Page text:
Until then, Matthews will be paid Steverson’s salary of $150,000. The panel deliberated via conference call, though Matthews was at the podium of the Capitol’s lower-level Cabinet meeting room.

Bondi said she was “impressed” with Matthews, adding “he cares deeply about our environment.”

Matthews, named deputy secretary last year, had been in charge of the department’s air, water, and waste pollution programs and for overseeing the agency’s regulatory districts.

The governor and Cabinet also decided to advertise the secretary opening until April 28, with an aim to agree on a full-time hire during the May 23 Cabinet meeting.

Steverson last month announced his resignation to join the legal-lobbying firm of Foley & Lardner.


Lobbying firms misreported income, ethics panel finds

Three Florida lobbying concerns are being reported to Gov. Rick Scott and the Cabinet for incorrectly tallying their income, the Florida Commission on Ethics said Wednesday.

In at least two of the cases, however, the errors were basic accounting mistakes. Lobbyists’ compensation is subject to random audits, some of which are reviewed by the commission.

In a press release, the commission said it found probable cause to believe Dean Mead, a law firm with a lobbying practice, “inaccurately reported compensation received from a principal for the first quarter of 2014.”

The firm also “inaccurately reported compensation received from two principals in the third quarter of 2014.” Probable cause means it is more likely than not that a violation has occurred but is usually not a definitive finding.

Firm shareholder Pete Dunbar in the Tallahassee office said the mistakes were “bookkeeping errors” that were “quickly corrected” before his firm’s audit was finalized. Dunbar’s long government service includes being former Gov. Bob Martinez’s general counsel and legislative affairs director, as well as serving as a member and chair of the ethics commission.

It also found probable cause that Buigas & Associates “overstated compensation received in the second quarter of 2014, as well as the third quarter of 2014.” A message seeking comment was left on an office voicemail.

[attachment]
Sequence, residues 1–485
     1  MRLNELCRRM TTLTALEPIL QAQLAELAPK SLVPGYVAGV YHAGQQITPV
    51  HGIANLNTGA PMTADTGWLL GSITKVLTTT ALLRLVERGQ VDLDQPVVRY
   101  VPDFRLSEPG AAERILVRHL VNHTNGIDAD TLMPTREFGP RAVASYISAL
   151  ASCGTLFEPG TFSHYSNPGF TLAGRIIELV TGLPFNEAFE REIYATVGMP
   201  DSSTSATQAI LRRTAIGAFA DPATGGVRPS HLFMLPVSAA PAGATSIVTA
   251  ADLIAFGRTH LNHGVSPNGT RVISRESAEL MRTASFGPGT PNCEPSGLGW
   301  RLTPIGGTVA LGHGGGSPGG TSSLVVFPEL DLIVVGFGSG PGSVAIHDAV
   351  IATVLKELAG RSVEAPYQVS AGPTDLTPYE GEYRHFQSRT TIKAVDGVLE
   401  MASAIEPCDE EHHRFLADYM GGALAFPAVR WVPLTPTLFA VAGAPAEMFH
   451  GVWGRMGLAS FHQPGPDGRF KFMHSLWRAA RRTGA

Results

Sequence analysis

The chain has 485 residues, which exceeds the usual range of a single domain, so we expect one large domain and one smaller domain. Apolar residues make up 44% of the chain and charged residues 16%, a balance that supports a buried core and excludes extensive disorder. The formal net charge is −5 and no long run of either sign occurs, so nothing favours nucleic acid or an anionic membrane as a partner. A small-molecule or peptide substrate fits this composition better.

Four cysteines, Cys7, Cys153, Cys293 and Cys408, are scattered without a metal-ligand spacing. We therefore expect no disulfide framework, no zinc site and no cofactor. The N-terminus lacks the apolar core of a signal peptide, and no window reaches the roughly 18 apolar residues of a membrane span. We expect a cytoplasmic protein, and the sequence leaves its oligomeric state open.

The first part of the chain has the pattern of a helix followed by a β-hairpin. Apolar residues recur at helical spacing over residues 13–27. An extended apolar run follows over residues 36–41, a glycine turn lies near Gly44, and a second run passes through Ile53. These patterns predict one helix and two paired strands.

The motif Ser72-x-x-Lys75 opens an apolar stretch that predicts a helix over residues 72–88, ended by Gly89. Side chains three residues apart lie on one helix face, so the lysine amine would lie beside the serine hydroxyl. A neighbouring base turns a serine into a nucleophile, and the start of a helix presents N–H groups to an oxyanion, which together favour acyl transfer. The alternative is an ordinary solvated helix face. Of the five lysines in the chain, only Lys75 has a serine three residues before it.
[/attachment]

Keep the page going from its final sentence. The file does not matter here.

And the commission found probable cause that D. Darling Consultants “overstated compensation received from a principal for the first period of 2014, and failed to report compensation received from a principal for the fourth period of 2014.”

Firm principal Doug Darling, a “sole shingle” lobbyist, represents only two clients: Accenture and Grant Thorton, both consulting companies. He said he uses the “cash accounting” method, used by most small businesses, instead of the “accrual” method.

“The cash method accounts for revenue only when the money is received,” Investopedia explains. “On the other hand, the accrual method accounts for revenue when it is earned.”

Darling also said the commission’s press release is in error, explaining that the reporting periods in question are fourth period of 2013 and first period of 2014.

Under state law, “probable cause findings … of this nature are forwarded to the Governor and Cabinet,” the commission’s release says, referring to Attorney General Pam Bondi, Chief Financial Officer Jeff Atwater and Agriculture Commissioner Adam Putnam

“The firms have 14 days to submit a written request for hearing to the Governor and Cabinet.” it says. “However, the Governor and Cabinet may, on (their) own motion, require a public hearing and may conduct such further investigation as deemed necessary.”

Adam Putnam agrees: Business experience essential for governor’s job

Agriculture Commissioner Adam Putnam agrees with Gov. Rick Scott that Florida’s next governor should have “business experience.”

“I think someone having business experience that they bring to public life is very helpful,” said Putnam, who spoke to reporters after a speech at Tuesday’s Associated Press annual Legislative Session planning session at the Capitol.

In a recent interview, Scott – who is term limited in 2018 – said the next governor needs to have experience in the business world.

Some took that as a slight to Putnam, long rumored to be eyeing a run for governor in 2018.

The 42-year-old Republican was first elected state agriculture commissioner in 2010 after serving 10 years in Congress. The Putnam family owns Putnam Groves in Bartow.